JCrete 2018 — Schedule for one day

My experience at JCrete

This year, I had the pleasure of being invited to arguably the best and most exclusive event around Java in the world.

JCrete is an unconference, probably the first wildly successful one around Java, ‘disorganised’ by Java specialist Heinz Kabutz along with other Java Champions. It started back in 2011 as a space for Java professionals to share experiences in a relaxed environment, under the Mediterranean sun and away from commercial circuits.

What is an unconference?

The attendees of JCrete are carefully selected among the best speakers, writers and community managers around Java. Developers and leaders responsible for, or involved in, projects such as Maven, Eclipse, JakartaEE, JVM tuning, Groovy, EclEmma… Writers publishing on O’Reilly, TheServerSide.com, Microsoft or other personal successful blogs. That’s a great start.

The conversation is immediately open for the rest of the room. And then the magic sparks.

The format encourages attendees to firstly propose topics related to Java or the world of development. Then, depending on the participants’ interest on each topic, the propositions are voted and a schedule gets created for the same day. Several sessions run simultaneously. The owner of each topic can give a quick introduction, but the conversation is immediately open for the rest of the room. And then the magic sparks. In the case of JCrete, the level of these conversations, the weight of the attendees and the ideas shared are without a doubt outstanding.

The wild success of the first edition made the ‘disorganisers’ repeat it year after year, scaling it up every time. As I was told, last year felt a bit too big with around 120 attendees. For the 2018 edition, they decided to restrict the numbers under the one hundred mark. It was my first time, but the size seemed perfect to me. Enough people to keep on speaking with for the whole week, but a reduced enough number to have the opportunity to engage with all of them. The sessions are also the right size, varying from 5 to 15 people approximately, and all the attendees are encouraged to participate.

The heavenly Balos beach

The plan

Obviously, a professional event such as this one wouldn’t have gone so far outside the commercial circuit if the attendees didn’t enjoy the wonders that Crete has to offer. Heinz and his team have thought of it all!

It’s up to you how you start your day, but many of us go for a morning run or swim before breakfast. I personally prefer the sea to the road: in London I get none of the former, and a lot of the latter. Then a good breakfast. You will need all that energy for the day ahead. We all then meet at the conference room to ‘disorganise’ the day.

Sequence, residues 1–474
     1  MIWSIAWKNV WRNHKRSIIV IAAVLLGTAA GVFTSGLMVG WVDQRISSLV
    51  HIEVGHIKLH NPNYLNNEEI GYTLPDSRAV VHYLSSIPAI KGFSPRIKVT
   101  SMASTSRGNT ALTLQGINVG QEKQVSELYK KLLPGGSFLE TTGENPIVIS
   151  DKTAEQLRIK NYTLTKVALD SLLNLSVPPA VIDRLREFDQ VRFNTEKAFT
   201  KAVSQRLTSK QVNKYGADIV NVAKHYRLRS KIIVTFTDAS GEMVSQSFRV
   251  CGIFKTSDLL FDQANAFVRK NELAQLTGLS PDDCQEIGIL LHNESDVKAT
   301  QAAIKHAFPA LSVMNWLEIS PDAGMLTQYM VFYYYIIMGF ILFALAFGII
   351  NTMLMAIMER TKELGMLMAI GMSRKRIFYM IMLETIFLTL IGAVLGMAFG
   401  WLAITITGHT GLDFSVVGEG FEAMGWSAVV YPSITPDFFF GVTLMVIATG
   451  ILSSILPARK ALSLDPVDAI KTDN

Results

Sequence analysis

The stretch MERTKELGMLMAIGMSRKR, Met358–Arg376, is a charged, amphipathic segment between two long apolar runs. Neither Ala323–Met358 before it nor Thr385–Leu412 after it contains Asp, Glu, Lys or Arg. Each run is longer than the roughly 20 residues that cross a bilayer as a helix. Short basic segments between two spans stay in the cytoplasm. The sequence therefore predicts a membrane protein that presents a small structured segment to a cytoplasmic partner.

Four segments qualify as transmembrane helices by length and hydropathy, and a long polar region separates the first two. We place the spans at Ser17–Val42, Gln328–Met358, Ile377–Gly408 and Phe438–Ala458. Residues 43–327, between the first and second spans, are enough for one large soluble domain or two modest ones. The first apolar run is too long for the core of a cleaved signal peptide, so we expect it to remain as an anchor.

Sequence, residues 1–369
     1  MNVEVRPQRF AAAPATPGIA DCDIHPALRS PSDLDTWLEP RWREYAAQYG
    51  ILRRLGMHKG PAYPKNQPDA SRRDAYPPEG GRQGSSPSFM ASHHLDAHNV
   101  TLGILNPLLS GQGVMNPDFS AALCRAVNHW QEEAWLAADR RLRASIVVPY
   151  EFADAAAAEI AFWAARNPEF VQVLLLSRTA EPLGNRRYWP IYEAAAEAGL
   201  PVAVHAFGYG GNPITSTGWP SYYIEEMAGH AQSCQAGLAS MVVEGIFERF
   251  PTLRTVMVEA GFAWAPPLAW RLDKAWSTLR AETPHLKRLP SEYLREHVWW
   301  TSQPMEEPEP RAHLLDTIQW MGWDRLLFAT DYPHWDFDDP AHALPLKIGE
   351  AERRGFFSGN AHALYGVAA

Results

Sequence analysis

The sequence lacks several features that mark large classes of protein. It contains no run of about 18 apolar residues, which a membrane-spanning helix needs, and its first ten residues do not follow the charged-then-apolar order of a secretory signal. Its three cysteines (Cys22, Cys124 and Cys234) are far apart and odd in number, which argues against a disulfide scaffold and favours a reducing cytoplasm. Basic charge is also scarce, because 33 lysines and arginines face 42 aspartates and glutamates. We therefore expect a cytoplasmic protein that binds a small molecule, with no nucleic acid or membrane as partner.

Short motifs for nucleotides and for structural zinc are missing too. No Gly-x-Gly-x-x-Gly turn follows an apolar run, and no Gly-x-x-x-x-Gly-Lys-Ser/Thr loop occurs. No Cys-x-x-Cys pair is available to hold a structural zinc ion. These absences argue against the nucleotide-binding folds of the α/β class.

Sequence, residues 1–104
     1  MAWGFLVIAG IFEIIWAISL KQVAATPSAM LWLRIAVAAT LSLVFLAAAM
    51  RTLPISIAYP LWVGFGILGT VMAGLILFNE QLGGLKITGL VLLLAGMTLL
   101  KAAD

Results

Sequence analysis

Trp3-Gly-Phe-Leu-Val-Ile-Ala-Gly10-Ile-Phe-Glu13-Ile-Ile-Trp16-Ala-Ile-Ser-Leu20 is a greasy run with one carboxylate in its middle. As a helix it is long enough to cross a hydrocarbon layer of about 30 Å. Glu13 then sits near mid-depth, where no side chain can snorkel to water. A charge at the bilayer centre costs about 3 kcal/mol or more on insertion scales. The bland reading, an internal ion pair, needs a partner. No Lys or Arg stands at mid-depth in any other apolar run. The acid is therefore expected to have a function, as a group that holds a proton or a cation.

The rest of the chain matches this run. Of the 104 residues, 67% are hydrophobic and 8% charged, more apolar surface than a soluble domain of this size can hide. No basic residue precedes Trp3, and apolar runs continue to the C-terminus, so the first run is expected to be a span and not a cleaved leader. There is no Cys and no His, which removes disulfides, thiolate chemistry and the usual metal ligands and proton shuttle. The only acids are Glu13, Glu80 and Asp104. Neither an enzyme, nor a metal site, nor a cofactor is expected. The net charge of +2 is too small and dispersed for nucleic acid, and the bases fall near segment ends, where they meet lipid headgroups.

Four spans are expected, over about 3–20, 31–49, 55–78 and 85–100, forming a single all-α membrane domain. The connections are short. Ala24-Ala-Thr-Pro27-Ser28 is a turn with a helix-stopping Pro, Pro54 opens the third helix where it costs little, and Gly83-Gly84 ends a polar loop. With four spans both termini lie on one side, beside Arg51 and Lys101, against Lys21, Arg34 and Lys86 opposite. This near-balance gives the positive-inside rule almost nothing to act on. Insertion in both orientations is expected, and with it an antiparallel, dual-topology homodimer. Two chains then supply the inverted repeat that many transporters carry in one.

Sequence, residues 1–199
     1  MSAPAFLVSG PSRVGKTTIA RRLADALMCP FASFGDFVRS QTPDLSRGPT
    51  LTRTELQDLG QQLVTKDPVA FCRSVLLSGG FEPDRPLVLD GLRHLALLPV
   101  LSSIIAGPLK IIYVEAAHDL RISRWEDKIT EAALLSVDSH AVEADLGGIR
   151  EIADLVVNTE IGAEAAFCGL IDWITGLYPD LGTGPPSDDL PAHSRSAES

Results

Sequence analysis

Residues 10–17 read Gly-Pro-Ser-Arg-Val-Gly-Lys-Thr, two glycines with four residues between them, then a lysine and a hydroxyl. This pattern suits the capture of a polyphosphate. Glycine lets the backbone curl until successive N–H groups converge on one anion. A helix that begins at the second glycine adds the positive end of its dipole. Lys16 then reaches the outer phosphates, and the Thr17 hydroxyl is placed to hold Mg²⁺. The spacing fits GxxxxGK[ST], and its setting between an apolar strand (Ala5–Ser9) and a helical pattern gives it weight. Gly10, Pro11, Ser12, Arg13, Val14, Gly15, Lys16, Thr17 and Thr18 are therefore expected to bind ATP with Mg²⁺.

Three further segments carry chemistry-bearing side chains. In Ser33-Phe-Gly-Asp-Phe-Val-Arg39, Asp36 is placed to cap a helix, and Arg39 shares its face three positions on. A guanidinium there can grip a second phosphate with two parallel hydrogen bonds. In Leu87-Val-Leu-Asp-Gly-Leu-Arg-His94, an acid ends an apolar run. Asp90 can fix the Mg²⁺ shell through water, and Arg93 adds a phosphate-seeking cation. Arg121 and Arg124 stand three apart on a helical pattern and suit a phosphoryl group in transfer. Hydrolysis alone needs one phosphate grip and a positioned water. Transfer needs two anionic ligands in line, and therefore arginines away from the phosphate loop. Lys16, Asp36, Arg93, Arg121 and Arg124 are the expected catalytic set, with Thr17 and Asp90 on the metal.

The sessions are very enjoyable, and while they revolve around the Java development world, both technical and non-technical topics can arise. This year we had topics spanning from Kotlin, testing microservices, JVM, in-memory databases and JakartaEE, to writing better content or data privacy. Even how to adopt a correct posture while working was covered, with the help of a professional physiotherapist. And that’s to mention only a few. I can only be thankful of having shared ideas with professionals of this calibre.

JCrete un-rules

While the sessions run mostly in the morning, the afternoon is also (dis) organised. Several excursions happen each day to discover the best beaches of the island, or the old town of Chania, or visiting an olive tree that has stood in the same place for 4000 years! It’s a great time to enjoy the hidden gems of the island, have some social time and network with the other JCretans.

The evenings are busy as well. We either go for dinner to picturesque restaurants, enjoy a Cretan evening with local musicians and dancers, or dance to one of the best rock bands of Greece, Core the Band. Raki, a strong local liqueur, is omnipresent on these for those who enjoy it.

All of that, sprinkled with lots of passion for technology, book recommendations, great photos and even a manual version of Blockchain (or two).

The last day is reserved for a hack day, where we put in practice some of the things learnt. This year, Robert Scholte helps us contribute to Maven. It really is a pleasure being able to support something that is free and makes such a big impact on our daily lives.

On the last evening of the unconference, at the particularly appropriate Sunset Taverna, “a miracle happened”: a lunar eclipse. It was the perfect closing keynote for such an unforgettable week.

The fun continues with JCrete4Kids, where some of the attendants help spread the knowledge by running workshops with local children, teaching them about technology and getting them engaged with software development from an early age.

JCrete4Kids 2018

Overall, it was a great experience with the perfect scenery, filled with fantastic professionals who I used to respect and follow before the conference, and also some others who I got to respect and follow since then. Amazing food, amazing weather and great fun. I made lots of unforgettable memories and many friends. From all the attendees I spoke with, either from this edition or from previous ones, I didn’t find anyone who wasn’t absolutely delighted about JCrete. If you ever have the opportunity to attend, do not dare to miss it.

Heinz Kabutz and Kirk Pepperdine, fathers of JCrete